Platform is a new restaurant at – or rather within – London Bridge so new, in fact, that they’re still paying for reviews (and yes, that includes me – read my thoughts on THAT subject here). They also proclaim a “new” approach to dining, the “gate to plate” experience. While that essentially means buying seasonal produce regularly from the same producer (hardly novel) they do have reciprocal shares in a small farm in Devon, so their fate is intrinsically linked to the next step up the food producing chain, and vice versa. And our waitress was talking excitedly about a weekend mucking in on the west country farm which sounds like a great idea for any restaurant staff.
The advantages of having a direct link with a farm and paying attention to the basics means the basics can speak for themselves. Simple asparagus with hollandaise to start was faultless while ruby red beef osso buco was an unbelievable slab of flaky flesh hiding a honeypot of bone marrow that hardly needed gravy (which was just as well as there was hardly any). And the rhubarb that came mashed with pear, topped with a cinammon-spiced crumble like fresh tarmac and drenched in vanilla pod custard I’ve been thinking about for days since.
Elsewhere and a ravioli starter was al dente to the point of rubber (in the best possible way), a small parcel of tender meat, crunchy peas that popped in the mouth and lemon rinds, while that staunch British classic Bakewell tart arrived a fluffy sponge hiding under a toasted almond wig. The clotted cream on the side would stand tall against any provincial tea shoppe’s best efforts.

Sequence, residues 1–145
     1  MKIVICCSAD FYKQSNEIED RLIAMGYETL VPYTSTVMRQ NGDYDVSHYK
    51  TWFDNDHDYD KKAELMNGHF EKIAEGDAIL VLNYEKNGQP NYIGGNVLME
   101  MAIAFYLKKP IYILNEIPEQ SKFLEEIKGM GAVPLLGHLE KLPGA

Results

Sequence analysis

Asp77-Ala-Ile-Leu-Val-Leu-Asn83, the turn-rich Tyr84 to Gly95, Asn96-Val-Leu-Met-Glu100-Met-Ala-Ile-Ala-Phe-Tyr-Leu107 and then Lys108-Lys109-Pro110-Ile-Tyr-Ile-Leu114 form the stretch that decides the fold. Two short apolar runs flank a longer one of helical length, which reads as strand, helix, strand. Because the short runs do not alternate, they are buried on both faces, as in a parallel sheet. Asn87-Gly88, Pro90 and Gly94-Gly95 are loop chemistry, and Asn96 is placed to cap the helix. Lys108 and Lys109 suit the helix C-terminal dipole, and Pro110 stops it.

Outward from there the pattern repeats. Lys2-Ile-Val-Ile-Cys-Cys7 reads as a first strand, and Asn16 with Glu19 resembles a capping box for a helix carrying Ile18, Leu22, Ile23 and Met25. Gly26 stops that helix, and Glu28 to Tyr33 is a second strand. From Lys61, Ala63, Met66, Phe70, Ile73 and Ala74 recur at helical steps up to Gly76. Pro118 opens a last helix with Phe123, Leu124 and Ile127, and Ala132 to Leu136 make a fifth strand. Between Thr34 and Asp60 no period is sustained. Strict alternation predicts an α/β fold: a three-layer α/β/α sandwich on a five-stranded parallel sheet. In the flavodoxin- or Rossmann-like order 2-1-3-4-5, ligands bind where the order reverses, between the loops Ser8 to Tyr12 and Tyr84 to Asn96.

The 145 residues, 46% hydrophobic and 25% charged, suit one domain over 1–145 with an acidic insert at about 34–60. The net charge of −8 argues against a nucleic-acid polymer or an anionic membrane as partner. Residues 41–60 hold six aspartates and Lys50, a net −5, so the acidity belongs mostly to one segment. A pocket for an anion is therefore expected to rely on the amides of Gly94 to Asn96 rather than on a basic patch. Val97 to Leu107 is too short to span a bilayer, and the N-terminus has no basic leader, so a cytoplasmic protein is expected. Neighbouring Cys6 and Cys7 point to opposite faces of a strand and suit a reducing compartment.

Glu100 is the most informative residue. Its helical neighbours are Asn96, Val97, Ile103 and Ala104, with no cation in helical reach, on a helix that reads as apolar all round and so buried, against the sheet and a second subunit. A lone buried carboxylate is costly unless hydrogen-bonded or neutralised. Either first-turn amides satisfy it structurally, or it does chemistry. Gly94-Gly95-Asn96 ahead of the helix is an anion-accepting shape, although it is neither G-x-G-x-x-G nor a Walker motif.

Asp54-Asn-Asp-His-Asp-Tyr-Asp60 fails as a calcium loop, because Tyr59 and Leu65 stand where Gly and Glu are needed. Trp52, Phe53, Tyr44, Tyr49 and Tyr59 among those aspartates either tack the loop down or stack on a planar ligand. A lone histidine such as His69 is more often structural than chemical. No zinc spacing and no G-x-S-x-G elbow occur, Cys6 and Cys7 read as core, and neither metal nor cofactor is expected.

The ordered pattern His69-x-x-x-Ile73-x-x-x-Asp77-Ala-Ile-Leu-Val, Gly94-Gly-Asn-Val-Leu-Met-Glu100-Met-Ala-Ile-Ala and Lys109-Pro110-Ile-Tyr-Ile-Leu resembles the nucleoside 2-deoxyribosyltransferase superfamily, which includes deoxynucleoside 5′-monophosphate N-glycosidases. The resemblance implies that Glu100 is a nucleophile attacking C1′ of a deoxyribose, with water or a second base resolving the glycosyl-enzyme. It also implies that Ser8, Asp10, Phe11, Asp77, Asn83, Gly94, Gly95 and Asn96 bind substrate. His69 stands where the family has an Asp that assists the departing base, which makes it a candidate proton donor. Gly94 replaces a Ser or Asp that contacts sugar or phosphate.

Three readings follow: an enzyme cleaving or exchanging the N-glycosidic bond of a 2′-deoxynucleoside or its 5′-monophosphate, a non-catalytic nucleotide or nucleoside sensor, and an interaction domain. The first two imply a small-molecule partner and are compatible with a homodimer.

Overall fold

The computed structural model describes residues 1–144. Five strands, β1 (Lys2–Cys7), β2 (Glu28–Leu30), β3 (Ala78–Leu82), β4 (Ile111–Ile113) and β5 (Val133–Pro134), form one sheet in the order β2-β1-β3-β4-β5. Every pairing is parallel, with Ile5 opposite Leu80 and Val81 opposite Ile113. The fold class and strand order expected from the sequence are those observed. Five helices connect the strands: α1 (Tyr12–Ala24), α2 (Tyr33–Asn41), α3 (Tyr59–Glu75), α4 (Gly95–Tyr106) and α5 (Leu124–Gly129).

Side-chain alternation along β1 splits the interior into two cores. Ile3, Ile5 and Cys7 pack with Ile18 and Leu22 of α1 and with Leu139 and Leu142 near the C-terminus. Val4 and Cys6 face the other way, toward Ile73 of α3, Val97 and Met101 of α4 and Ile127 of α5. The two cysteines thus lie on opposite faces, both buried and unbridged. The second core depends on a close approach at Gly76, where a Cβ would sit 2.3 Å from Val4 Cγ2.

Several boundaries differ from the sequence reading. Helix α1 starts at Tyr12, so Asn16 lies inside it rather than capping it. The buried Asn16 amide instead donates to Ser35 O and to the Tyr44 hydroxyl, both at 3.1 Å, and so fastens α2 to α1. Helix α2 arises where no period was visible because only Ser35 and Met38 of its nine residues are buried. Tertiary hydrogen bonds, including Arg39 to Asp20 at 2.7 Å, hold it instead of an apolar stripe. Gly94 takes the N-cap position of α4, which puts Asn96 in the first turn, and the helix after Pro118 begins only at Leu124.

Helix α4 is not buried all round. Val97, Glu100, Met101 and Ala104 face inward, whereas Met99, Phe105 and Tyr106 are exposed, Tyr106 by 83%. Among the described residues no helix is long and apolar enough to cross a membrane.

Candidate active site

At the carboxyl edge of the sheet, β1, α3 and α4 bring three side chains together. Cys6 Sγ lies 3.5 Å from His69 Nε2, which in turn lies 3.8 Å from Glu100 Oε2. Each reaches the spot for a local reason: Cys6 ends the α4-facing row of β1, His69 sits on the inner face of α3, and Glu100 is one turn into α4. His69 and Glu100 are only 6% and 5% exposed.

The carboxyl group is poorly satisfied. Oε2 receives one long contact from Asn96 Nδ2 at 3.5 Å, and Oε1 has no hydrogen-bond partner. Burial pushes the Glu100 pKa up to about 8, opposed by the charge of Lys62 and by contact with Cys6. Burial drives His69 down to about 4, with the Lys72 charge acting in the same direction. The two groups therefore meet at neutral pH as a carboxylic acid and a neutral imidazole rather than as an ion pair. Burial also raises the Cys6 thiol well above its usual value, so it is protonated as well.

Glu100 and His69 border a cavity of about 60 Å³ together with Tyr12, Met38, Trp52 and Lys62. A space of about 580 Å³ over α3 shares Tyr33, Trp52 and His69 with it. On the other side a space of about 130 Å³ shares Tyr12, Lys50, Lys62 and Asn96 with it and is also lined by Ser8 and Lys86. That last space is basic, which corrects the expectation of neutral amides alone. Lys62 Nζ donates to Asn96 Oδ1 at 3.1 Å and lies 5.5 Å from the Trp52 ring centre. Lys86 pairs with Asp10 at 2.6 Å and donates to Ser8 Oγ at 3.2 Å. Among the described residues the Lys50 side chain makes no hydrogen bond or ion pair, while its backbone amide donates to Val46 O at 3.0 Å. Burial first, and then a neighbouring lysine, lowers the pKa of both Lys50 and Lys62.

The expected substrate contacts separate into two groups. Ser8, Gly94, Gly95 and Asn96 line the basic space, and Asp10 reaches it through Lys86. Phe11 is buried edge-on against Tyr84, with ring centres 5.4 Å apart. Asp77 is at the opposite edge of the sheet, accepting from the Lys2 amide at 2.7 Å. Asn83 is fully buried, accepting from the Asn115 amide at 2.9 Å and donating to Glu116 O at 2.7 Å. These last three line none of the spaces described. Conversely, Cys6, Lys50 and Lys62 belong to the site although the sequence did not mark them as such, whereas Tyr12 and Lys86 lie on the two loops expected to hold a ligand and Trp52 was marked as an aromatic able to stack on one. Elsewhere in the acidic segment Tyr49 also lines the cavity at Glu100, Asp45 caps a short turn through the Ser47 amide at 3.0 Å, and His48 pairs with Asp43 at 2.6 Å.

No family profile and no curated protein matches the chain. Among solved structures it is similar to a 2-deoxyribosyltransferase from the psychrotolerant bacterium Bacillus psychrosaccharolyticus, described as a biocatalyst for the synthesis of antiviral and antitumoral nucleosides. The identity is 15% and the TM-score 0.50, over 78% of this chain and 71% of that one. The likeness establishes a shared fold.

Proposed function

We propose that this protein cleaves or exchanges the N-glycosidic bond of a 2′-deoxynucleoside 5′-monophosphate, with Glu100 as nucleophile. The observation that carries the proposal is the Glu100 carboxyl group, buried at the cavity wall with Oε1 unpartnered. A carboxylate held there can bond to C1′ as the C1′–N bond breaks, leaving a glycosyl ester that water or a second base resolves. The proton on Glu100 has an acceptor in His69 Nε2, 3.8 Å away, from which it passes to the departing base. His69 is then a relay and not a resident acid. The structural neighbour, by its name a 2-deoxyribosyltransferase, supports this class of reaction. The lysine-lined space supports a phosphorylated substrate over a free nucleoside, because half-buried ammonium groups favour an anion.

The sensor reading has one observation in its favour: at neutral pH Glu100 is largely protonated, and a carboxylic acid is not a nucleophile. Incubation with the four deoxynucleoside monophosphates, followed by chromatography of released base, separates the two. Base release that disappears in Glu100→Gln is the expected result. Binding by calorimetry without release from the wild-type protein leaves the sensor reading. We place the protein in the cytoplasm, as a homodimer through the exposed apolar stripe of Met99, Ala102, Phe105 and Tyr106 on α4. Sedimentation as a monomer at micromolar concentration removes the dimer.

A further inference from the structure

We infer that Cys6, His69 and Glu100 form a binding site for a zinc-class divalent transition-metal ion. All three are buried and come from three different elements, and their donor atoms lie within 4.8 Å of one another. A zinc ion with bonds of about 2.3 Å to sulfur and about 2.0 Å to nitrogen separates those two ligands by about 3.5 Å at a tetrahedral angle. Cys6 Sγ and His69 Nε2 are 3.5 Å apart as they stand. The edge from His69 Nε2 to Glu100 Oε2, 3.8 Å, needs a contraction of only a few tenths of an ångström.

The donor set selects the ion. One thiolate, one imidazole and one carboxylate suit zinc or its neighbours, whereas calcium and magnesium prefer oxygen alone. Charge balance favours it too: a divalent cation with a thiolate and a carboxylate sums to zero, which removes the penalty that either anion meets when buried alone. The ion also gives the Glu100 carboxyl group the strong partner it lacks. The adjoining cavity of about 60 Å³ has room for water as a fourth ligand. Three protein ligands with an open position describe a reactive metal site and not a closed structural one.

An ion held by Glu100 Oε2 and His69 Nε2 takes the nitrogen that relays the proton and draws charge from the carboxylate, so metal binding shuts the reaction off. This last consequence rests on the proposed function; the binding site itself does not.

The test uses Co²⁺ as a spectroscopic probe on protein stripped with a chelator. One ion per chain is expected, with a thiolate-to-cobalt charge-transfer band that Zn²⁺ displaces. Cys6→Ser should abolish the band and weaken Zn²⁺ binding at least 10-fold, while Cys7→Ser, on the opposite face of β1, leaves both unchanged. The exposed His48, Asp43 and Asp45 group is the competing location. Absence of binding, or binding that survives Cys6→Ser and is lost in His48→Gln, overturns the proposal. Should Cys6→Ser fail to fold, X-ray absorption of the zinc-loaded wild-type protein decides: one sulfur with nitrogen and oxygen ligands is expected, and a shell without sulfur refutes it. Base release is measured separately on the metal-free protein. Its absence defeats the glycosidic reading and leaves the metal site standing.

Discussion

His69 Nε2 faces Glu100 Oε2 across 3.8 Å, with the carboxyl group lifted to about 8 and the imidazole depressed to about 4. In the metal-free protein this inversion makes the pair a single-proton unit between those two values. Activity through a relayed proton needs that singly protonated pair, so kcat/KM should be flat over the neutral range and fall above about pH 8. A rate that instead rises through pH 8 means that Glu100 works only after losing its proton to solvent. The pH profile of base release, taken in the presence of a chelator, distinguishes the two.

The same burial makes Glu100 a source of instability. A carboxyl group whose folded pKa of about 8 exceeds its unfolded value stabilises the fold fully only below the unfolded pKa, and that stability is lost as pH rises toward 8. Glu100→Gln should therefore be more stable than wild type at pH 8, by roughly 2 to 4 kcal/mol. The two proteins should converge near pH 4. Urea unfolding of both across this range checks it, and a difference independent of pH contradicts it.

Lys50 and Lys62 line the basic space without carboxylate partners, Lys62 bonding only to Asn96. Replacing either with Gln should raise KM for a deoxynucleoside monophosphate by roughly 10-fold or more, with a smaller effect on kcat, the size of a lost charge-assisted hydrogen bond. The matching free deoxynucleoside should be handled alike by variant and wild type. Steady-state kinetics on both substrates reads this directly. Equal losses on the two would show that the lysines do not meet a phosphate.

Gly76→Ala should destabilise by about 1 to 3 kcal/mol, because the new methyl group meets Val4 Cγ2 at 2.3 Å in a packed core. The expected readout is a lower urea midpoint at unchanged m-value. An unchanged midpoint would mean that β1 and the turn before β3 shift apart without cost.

The menu isn’t huge but it changes daily (and even throughout the day apparently) and makes the most of what’s available on the farm. Much is made, too, of how they use the whole animal, although I didn’t see too many trotters or brains come by. Many plates did pass by in puffs of aroma that made me want to order more.
Rioja was sumptuous and cocktais (spelling mistakes less heinous on menus that are printed daily) were strong and forceful. A Calico Jack concoction of rum, apricot brandy, pomegranate molasses and orange bitters kicked like a mule although the margarita had all the charisma of Gordon Brown. Speaking of him, I felt as scrutinised as the former prime minister post-Bigotgate throughout, as the team had been alerted to a blogger in their midst and shift managers mouthed instructions to our attentive waitress with each approach. Then, just as we were sensing more pairs of eyes on us than the 3.47 from Cardiff to Waterloo passing the trainspotters on Platform 6, they announced they were turning the six foot glitterball on for us. Just for us. The pitfalls of freebies I guess.
Everything about Platform has been carefully considered, from the tea lights in spare bits of plumbing to the West Contry cider, and all in all – although you could probably turn down my effusiveness a notch or two to compensate for our preferential treatment and the fact it was my birthday – it’s a much-needed new addition to London Bridge.
Price per head: N/A
Soundtrack: Loungey chart music wafting from the post-work bar downstairs
Clientele: Suits letting loose on the ground floor, office birthdays on the first floor
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